September 1, 2017

A New Name in College Savings Plans

Written by Jason Hiley

The average price tag for four years at a private college exceeds $170,000, according to the College Board’s Trends in College Pricing 2014. That’s 17% higher than seven years previously. In fact, rising tuition costs are outpacing inflation at the same time that federal grant aid is lagging behind inflation.

While funding four years of college can be a challenge, research also proves that higher education remains a valuable investment. According to the College Board’s Education Pays 2013, in 2011, women with bachelor’s degrees earned 70% more than women with only high school diplomas; college-educated men earned 69% more than men who graduated from high school but did not have college degrees.

There are a variety of savings vehicles and planning strategies that can help you overcome the financial challenges and reach your education goals. One tax-efficient vehicle is the Coverdell Education Savings Account (ESA), which can be used to pay for college expenses, as well as for the cost of attending qualified K-12 schools.

With a Coverdell ESA, funds have the opportunity to grow tax deferred, and withdrawals used for qualified educational expenses, such as tuition, are tax free. A beneficiary can be anyone under the age of 18 (or older, if qualified as a special needs beneficiary). Any individual (including the beneficiary) may make contributions to a Coverdell ESA, as long as his or her modified adjusted gross income for the year is less than $110,000 ($220,000 for married couples filing joint tax returns). Other features include the following:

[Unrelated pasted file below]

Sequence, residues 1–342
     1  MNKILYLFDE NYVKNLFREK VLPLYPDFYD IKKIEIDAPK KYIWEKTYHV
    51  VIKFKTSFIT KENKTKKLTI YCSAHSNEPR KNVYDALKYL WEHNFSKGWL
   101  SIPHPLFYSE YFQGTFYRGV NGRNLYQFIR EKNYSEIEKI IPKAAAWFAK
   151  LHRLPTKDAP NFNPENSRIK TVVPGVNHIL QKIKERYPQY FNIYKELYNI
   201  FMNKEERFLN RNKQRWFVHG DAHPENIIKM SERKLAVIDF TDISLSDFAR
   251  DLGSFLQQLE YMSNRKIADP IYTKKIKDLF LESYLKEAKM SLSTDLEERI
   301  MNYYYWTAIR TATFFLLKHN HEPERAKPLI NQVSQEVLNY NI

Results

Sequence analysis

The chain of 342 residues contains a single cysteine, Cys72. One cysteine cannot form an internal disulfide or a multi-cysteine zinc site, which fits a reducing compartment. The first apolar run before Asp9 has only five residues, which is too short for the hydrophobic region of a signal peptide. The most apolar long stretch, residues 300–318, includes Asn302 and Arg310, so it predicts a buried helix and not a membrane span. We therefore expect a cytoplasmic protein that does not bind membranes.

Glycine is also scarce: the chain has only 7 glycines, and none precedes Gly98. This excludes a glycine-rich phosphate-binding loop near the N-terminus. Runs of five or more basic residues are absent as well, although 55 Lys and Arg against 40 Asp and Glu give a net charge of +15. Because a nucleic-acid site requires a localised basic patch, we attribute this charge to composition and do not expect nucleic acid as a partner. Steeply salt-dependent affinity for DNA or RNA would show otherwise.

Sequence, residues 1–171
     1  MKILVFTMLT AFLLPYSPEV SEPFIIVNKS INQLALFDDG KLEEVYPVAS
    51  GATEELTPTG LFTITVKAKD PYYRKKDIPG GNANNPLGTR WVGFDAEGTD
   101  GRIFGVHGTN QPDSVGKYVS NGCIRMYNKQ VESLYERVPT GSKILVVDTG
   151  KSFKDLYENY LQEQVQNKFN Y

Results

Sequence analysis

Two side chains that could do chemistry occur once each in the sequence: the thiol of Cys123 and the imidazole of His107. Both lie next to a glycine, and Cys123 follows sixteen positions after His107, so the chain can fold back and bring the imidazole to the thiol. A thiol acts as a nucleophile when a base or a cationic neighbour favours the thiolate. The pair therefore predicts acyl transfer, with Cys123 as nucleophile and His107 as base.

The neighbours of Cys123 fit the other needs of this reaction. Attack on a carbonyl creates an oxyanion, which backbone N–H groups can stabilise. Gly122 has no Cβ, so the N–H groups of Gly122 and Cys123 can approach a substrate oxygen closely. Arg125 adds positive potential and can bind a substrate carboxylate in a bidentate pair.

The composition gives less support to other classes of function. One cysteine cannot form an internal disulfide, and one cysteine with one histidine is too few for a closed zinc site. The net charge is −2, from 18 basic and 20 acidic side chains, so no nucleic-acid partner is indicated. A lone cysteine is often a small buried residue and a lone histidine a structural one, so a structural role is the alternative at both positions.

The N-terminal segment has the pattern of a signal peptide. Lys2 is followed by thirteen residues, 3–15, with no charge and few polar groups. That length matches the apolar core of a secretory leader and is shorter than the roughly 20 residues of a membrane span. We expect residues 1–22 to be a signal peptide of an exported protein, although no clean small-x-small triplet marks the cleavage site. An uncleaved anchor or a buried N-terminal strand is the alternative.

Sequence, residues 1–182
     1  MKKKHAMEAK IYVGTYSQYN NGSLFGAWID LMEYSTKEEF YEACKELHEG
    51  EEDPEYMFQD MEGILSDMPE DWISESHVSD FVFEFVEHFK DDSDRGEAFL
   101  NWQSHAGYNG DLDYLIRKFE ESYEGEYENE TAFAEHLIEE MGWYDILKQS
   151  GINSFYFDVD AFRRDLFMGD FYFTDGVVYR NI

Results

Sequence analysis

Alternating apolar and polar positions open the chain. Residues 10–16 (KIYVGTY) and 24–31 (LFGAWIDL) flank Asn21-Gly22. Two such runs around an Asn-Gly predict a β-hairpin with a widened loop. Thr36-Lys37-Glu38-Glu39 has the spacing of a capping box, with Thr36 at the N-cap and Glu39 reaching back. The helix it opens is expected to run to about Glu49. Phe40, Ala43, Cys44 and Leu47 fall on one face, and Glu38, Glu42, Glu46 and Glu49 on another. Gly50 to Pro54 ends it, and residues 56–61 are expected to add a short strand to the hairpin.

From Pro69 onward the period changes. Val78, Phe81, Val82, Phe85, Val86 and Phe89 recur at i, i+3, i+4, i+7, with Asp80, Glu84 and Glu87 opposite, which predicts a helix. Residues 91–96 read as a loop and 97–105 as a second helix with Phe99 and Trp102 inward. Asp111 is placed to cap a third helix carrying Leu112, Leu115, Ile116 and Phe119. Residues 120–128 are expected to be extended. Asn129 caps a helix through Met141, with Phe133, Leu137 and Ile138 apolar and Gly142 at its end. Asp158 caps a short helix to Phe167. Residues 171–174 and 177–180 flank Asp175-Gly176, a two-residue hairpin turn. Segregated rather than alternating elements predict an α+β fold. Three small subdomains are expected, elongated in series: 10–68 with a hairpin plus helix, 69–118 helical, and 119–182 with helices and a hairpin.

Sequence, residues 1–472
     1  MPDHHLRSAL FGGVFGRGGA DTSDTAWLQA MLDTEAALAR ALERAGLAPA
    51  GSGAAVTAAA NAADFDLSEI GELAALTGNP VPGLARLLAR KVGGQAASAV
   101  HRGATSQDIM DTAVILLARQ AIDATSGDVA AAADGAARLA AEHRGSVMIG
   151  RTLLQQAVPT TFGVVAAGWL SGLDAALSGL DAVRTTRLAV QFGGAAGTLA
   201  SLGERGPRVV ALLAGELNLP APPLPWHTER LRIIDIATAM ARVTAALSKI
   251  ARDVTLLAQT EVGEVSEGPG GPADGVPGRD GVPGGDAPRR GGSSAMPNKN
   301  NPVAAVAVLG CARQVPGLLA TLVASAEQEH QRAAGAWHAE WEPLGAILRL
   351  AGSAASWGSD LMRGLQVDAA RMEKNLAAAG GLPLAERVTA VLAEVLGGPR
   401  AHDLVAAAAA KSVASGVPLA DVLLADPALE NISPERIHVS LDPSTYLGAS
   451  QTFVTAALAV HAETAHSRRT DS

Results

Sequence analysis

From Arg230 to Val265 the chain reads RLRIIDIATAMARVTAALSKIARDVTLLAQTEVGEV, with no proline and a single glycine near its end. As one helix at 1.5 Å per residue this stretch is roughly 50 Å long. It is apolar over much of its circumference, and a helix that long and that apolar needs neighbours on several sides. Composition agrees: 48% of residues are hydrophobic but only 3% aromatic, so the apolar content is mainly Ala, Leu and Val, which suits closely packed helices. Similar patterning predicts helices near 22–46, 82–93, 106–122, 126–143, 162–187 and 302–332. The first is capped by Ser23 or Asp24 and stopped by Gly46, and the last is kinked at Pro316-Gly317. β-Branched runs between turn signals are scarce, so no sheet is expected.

• Contribution limits are $2,000, per beneficiary, per year.
  • Individuals may contribute to both a Coverdell ESA and a 529 plan for the same beneficiary, without incurring any tax penalties.
  • Corporations and nonprofit groups are eligible to contribute to ESAs. Unlike individual contributors, corporations or nonprofit organizations are not subject to earning restrictions.
  • Contributions can be made up to the April tax-filing deadline.
  • It is permissible to claim either the American Opportunity Tax Credit or the Lifetime Learning Credit in the same year that you take a tax-free distribution from an ESA, provided the ESA distribution is not used for the same expenses for which the credit is claimed.
  • In addition, distributions from ESAs may be used to fund the following qualified education expenses:
  • Tuition and fees incurred by the beneficiary at any eligible educational institution, including qualified elementary and secondary schools (K-12), as well as qualified post-secondary educational institutions.
  • The cost of books, supplies, and equipment, including uniforms, computers, and related technology peripherals (if the computer-related equipment and services are to be used by the beneficiary during any of the years he or she attends school).
  • Room and board, if the beneficiary is enrolled at least half-time in an eligible educational institution. Room and board expenses are limited to one of the following: The school’s regular, posted room and board charges for students living on campus, or $2,500 for each year the student is living off campus, but not at home.

By expanding the definition of qualified educational expenses to include primary and secondary education expenses, as well as room and board, the Coverdell ESA is proving to be a welcome addition to the various tax-favored options for saving for educational expenses.

Note: Nonqualified distributions may be subject to an additional 10% federal tax penalty on earnings.